Trump proclaims May 'Jewish American Heritage Month'

"Jewish Americans have helped guide the moral character of our Nation," the proclamation reads.

By JPOST.COM STAFF
May 1, 2018 11:04
1 minute read.
Then-Republican presidential nominee Donald Trump wears a tallit during a church service with Bishop

Then-Republican presidential nominee Donald Trump wears a tallit during a church service with Bishop Wayne T. Jackson at the Great Faith Ministries International in downtown Detroit.. (photo credit: CARLO ALLEGRI/REUTERS)

May will be designated 'Jewish American Heritage Month,' United States President Donald Trump declared Monday, continuing a 12-year tradition celebrating Jewish Americans.

"Jewish Americans have helped guide the moral character of our Nation," the proclamation reads. "They have maintained a strong commitment to engage deeply in American society while also preserving their historic values and traditions."

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The proclamation outlines the "innumerable" contributions Jewish Americans have made to US society, including marching for civil rights in Selma, Alabama and for the freedom of Soviet Jewry. "The indelible marks that American Jews have left on literature, music, cinema and the arts have enriched the American soul," the proclamation reads.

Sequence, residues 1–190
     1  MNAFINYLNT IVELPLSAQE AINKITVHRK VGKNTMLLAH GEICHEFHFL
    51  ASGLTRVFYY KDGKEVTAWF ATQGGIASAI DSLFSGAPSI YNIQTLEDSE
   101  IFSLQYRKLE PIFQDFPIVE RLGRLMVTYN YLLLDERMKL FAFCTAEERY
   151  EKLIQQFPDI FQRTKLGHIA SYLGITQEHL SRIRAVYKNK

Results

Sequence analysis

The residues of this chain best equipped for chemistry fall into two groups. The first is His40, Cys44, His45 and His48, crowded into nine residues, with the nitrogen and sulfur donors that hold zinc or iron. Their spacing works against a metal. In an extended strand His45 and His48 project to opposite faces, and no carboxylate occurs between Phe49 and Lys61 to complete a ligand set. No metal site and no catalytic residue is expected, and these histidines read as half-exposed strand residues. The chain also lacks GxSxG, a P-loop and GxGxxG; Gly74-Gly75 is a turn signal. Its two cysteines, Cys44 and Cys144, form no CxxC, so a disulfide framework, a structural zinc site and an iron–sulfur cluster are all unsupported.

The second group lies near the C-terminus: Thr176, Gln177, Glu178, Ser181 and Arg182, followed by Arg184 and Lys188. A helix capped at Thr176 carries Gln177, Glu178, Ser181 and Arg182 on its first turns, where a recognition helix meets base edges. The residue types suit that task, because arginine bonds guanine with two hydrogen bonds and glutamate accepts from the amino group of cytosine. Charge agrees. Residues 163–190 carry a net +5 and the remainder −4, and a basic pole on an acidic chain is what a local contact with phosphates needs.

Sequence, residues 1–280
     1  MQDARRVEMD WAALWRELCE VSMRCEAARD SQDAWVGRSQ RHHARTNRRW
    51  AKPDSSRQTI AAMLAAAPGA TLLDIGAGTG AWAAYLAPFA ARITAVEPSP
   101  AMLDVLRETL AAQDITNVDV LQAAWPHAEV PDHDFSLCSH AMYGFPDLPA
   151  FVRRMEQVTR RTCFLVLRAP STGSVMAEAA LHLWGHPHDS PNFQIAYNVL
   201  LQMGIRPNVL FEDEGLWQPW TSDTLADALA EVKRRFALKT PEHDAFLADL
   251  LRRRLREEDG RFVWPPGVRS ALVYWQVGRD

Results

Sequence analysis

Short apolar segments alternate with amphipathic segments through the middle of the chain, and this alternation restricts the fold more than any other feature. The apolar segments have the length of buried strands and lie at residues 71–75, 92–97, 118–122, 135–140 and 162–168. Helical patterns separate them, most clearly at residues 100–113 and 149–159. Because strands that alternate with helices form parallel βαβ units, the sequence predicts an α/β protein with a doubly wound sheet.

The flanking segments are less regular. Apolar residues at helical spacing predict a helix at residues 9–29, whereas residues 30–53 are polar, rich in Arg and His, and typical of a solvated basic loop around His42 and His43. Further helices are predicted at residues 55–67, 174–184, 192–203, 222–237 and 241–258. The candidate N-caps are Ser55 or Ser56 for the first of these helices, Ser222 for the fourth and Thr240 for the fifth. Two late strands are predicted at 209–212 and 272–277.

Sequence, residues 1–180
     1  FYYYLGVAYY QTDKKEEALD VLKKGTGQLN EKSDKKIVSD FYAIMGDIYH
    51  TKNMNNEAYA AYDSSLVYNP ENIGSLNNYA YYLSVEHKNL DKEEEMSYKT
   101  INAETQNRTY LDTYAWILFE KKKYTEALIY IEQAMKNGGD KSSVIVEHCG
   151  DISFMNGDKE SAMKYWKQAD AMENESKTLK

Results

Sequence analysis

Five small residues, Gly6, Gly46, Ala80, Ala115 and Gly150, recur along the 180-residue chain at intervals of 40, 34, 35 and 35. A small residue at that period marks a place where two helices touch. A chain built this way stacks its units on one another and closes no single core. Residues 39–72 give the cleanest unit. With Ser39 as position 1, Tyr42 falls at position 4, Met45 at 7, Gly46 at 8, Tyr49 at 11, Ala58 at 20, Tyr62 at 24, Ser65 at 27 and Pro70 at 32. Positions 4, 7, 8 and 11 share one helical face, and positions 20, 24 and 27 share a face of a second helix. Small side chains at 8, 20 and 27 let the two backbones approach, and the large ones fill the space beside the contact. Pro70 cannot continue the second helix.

The practice of declaring May as Jewish American Heritage Month was initiated in 2006 by then president George W. Bush. Since then, annual proclamations have been declared by Trump, Bush and former president Barack Obama.

The month features events relating to the Jewish American experience, including a festival celebrating the life of acclaimed musician Leonard Bernstein, discussions with Holocaust survivors, a book talk about Jewish peddlers in America and a panel discussion of American media knowledge of the Holocaust, according to the month's website.

Additional events will also take place across Washington. In past years, presidents have hosted receptions at the White House marking the month, though Trump did not host one last year. The proclamation makes no note of how Trump intends to mark the occasion, though in last year's proclamation he said, "This month, I celebrate with my family ‑‑ including my daughter, Ivanka, my son-in-law, Jared, my grandchildren, and our extended family ‑‑ the deep spiritual connection that binds, and will always bind, the Jewish people to the United States and its founding principles."

The proclamation calls on all Americans to "celebrate the heritage and contributions of American Jews and to observe this month with appropriate programs, activities and ceremonies."


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